Ralph Fisher has an unusual claim to fame. The genial showman from Swiss Alp, Texas, has snapped
more photos of Texas Longhorns than anyone else in the world. Ralph, also a retired rodeo clown and
schoolteacher, shares his love and lore about the breed he’s admired all his life.

Whether it’s at a car dealership or a rodeo, the public likes Texas Longhorns.

Ralph, why do you use Texas Longhorns in your photo animal business?

Texas Longhorns attract attention. They’re beautiful creatures. People admire them and value the
opportunity to pose with one and have their picture taken.

Not every Texas Longhorn is cut out for Ralph’s photo animal business, making those that are extra special.

How do you train a Longhorn?

Training is done with firmness but with petting and brushing, other than at feeding time. First, I start by
putting a halter on a steer for control. After a year or so, I put a ring in the steer’s nose to get his
attention and fine-tune my control. Next, I place a saddle on the steer. Then I put weight in the saddle,
and when he’s used to that, I get aboard. Repeat, repeat, repeat.

The steer needs to be comfortable in tight spaces, so I lead it into our wash rack with a rubber mat on
the floor here on the farm. The radio is playing, so the steer gets accustomed to hearing noise, and I
hang objects like flags and banners that flutter in the breeze. After all, this is Texas and there will be
flags flying wherever we go.

While training a steer, I get to know him and decide whether he’s right for my business.

Lone Star had horns so long that four people could stand behind each one. That’s Elaine Thomas enjoying the Texas Longhorn’s company at a Fayette County Farm Bureau event several years ago.

What’s a Longhorn steer’s favorite treat?

My Longhorns don’t get treats, only petting, which they interpret correctly as kindness. Most animals
appreciate kindness, with the exception of rattlesnakes, alligators and black widow spiders.

Behind the Scenes

How do you load a Longhorn in a trailer?

I train a steer to step in and usually have hay available as a reward or positive influence, not a treat as
such. Some steers travel better than others. Holding their heads sideways, they will enter a space as
wide as their shoulders. Although I usually transport one or two at a time in my trailer that measures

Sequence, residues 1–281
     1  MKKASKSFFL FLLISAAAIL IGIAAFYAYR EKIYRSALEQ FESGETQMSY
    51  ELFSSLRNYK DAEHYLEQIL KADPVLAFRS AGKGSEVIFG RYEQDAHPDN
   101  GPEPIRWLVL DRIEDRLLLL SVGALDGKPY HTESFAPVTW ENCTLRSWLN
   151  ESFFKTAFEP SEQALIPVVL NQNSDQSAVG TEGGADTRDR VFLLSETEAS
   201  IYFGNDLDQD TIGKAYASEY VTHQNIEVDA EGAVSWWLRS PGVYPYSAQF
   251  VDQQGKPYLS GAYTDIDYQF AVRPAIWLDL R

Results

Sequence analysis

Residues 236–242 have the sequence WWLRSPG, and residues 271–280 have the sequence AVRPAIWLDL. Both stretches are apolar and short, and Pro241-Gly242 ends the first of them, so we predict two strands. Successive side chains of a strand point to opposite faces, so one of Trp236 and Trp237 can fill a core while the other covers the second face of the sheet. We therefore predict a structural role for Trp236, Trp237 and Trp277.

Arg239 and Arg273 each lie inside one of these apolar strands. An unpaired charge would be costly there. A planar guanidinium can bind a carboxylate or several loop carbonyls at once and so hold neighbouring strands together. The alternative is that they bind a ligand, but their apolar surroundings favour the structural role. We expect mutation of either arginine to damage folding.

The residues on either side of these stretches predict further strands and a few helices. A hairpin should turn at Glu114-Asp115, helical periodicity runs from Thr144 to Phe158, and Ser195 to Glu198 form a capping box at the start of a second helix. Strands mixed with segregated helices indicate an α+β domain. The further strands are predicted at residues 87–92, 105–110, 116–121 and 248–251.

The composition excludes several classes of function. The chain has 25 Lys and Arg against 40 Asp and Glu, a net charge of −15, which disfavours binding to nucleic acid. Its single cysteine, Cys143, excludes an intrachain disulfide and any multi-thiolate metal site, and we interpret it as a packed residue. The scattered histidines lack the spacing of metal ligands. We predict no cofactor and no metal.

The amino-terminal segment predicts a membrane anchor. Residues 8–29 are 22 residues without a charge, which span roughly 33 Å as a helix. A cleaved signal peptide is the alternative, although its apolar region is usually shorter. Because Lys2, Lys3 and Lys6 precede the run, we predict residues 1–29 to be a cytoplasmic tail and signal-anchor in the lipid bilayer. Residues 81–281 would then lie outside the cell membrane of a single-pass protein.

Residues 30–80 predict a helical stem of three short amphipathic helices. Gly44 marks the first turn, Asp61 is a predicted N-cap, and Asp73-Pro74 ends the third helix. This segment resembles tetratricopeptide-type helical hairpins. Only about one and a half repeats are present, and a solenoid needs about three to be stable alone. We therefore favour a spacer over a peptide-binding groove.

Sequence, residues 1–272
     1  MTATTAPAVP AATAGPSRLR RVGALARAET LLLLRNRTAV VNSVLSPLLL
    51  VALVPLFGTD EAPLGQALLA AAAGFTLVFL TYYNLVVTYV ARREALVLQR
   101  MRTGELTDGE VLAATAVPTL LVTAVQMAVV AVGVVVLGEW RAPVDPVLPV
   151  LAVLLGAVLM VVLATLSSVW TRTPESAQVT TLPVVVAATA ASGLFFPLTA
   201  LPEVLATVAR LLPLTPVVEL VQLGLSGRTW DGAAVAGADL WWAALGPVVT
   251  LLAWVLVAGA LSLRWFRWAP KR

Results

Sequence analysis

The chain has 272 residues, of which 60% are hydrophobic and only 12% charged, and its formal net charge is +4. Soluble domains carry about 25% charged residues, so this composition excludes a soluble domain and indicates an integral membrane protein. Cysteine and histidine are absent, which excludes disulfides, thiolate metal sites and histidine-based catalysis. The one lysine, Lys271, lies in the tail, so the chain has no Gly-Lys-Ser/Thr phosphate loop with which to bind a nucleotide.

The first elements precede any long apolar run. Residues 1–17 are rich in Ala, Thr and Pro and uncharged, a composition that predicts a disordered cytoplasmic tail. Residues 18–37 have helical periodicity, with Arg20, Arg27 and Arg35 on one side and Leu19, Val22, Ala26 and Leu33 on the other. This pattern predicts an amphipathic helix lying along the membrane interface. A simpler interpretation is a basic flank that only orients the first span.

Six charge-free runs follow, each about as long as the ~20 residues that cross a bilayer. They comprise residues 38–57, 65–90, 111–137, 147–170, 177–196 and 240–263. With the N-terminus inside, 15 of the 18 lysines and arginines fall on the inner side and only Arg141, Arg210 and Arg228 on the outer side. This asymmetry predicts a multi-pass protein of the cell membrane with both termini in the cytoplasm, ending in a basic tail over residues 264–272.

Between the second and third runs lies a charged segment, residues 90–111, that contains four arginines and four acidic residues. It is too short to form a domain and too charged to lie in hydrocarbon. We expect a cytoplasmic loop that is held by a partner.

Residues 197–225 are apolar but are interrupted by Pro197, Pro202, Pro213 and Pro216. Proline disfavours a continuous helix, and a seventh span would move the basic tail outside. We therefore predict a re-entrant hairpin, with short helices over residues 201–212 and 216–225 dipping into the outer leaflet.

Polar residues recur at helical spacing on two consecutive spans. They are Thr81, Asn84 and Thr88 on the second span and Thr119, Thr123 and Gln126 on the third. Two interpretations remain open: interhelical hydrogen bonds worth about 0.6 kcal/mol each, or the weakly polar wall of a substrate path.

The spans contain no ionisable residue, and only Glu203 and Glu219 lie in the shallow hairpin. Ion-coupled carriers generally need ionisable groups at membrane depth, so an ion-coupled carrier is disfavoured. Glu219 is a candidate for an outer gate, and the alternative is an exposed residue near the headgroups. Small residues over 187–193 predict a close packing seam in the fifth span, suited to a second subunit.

52×8 feet, I can haul as many as six. The steers will cross their horns with one another instinctively.

How do you walk a Longhorn through a hotel lobby or onto a freight elevator?

Since I have trained the steer to walk through tight places on my farm, it’s not a big deal on the job. At
venues where we perform, I cover slick floors with indoor-outdoor carpeting. I also cover expensive
carpets.

Are all Longhorns suited for your business?

Very few. I don’t care for the color of some or I may sense a certain harm potential or am wary of a
steer’s attitude. Attitude is everything.

Have you had any misadventures with your photo animals?

I’ve had several, but probably the most surprising was Sept. 13, 1987, when Pope John Paul II was
visiting San Antonio. I was waiting on a grassy area at Alamo Plaza with a steer with hundreds and
hundreds of people. It was awfully hot and we’d been there a long time.

A woman carrying her baby in a carrier decided the infant needed to be in the shade, so she put it under
my steer because he was casting a shadow. Then she walked off 20 or 30 feet to a better view as the
popemobile went by. She was oblivious to the possible danger in which she had placed her child.

Remember all that training I give my steers? It paid off that day. That steer never moved.

More Information Please

How long do Longhorns live?

My steers have lived 23 years, weird but true. I have heard of 30-year-old cows. Too many range cubes
over a lifetime will wear out an animal’s teeth. It largely depends on what kind of feed they’ve had.

Tumbleweed, Ralph’s first Longhorn, is a mount on the wall. He’s behind Ralph, who is holding a mount of Oscar, the 49-year-old buzzard that won wide acclaim for appearing with Ralph at ZZ Top concerts.

Do you miss the Longhorns you’ve loved and admired over the years?

Yes, I still miss my first one, Tumbleweed. We learned together and I probably had more patience back
then. Tumbleweed could be ridden; he could lope; he would stand still and kneel during the national
anthem and prayers at rodeos. He was also suited for posing for photos with customers. He traveled
well. I had him stuffed along with Oscar, another of my entertainment animals.

Ralph once stood on Tumbleweed’s back (at left beside a woman rider on a Brahman) in a Houston Livestock Show & Rodeo Parade. Ralph hadn’t planned to let his chaps fall down around his knees.